The truth of the matter is that there are liberals who would rather see Trump get another term than allow Sanders to become president. And God knows, they have their reasons. We all have our reasons, even if they will look pretty weak as we watch Trump start his sixth year in office.
The truth is that I would have liked it if Sanders had formally joined the Democratic Party in 2016 and stayed in. I find his claims to independence and socialism annoying. But I don’t think it would have mattered. There is just a set of people who will always hate him just as there is a set of people who will always hate Hillary Clinton.
I’m not looking forward to this upcoming election. And if Democrats don’t watch out, we’ll have a repeat of 2016 — one way or another. And I can’t even feel good about the obvious hypocrisy of many in the Democratic Party. They’ve already shown who they are.
But there’s time to realize what I’ve been saying for years: there are two alternatives in the coming election. And that’s it. I noted in 2016 that people who thought there was no difference between Clinton and Trump were delusional. And in 2020, people who can’t choose between Sanders and Trump are equally delusional.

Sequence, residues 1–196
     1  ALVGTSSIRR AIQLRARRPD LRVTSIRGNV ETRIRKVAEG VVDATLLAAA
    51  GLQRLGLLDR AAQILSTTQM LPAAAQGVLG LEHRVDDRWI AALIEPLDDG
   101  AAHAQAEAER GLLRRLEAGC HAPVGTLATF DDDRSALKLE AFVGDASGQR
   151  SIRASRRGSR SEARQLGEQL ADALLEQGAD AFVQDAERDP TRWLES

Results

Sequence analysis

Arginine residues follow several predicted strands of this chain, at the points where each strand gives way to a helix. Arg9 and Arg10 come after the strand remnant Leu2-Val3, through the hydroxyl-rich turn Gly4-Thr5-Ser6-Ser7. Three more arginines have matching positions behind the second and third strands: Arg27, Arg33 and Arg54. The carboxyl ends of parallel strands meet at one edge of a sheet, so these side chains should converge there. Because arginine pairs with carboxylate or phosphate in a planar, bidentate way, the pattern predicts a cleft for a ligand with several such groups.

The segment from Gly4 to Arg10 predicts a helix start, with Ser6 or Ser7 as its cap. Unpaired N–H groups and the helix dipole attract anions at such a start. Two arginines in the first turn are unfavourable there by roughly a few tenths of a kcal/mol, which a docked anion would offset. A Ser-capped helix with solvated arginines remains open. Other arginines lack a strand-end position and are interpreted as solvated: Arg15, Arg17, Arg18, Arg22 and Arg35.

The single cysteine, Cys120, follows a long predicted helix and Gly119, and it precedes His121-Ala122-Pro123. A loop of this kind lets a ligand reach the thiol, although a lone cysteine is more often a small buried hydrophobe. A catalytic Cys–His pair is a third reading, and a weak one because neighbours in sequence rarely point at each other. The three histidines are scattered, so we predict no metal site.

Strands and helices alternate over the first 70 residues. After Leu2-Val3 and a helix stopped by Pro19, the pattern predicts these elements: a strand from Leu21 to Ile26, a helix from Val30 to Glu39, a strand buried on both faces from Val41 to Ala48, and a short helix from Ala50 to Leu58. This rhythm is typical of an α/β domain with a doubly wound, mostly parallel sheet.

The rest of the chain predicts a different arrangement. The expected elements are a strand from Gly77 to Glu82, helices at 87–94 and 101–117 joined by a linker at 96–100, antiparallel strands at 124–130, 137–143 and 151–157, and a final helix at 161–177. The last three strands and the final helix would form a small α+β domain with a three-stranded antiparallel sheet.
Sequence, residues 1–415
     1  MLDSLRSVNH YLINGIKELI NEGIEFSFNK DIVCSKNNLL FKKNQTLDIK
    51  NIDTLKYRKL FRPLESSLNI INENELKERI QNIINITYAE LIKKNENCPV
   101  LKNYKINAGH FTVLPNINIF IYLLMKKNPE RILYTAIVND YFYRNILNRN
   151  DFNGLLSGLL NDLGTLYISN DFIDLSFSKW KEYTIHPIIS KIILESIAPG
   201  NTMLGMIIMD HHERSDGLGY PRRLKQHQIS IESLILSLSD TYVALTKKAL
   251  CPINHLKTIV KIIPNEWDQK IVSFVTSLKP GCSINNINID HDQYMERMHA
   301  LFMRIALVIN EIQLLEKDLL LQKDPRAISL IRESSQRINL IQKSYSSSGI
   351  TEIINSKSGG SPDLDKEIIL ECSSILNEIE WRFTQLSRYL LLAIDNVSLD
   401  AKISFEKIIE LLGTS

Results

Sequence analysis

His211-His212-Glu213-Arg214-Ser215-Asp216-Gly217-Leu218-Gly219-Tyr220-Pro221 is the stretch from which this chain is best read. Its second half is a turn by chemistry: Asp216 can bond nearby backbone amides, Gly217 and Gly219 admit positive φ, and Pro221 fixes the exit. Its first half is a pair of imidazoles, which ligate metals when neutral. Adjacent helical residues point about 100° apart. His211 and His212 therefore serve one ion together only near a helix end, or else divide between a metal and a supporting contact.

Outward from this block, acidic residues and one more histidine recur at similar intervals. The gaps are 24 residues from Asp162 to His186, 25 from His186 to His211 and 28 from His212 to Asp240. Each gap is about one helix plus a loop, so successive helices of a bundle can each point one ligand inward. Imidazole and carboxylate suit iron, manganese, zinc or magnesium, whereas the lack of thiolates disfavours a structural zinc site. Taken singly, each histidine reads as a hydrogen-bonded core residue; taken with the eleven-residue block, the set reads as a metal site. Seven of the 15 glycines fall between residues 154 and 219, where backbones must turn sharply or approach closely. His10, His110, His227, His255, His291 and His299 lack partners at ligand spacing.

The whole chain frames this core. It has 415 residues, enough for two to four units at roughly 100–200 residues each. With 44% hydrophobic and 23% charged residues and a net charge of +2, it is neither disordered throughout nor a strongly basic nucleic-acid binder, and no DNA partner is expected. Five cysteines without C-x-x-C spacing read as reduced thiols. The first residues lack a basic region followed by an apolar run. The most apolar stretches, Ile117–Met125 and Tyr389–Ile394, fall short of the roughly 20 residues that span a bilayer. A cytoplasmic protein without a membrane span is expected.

And if Sanders Loses?
On the other side, pretending that Sanders is some kind of villain probably will cause him to lose. But at what cost? One idiotic #NeverBernie person tweeted:
How many Dems support Bernie as opposed to socialists, Russians, bots and nutjobs? We won in 2018 without Bernie.#NeverBernie
— ritamary (@ritamary6) March 4, 2019
We know how many Dems support Sanders: millions. We also know that if the vast majority of Sanders supporters hadn’t supported Clinton in the general election, she would have lost profoundly.
But this tweet shows that in this particular echo chamber, people just “know” that Sanders supporters don’t matter. But they do.
In their scorched-Earth approach to Sanders, the #NeverBernie brigade threaten the entire Democratic Party. No one needs to like Sanders if they don’t want to. But it would be really helpful to the party if they didn’t act so stupidly.
So let me say it: all Bernie Sanders supporters are critically important. And they are welcome by the vast majority of party members. That’s because the vast majority of them are party members. I don’t remember all this fuss when the Democratic Party marched to the right for three decades.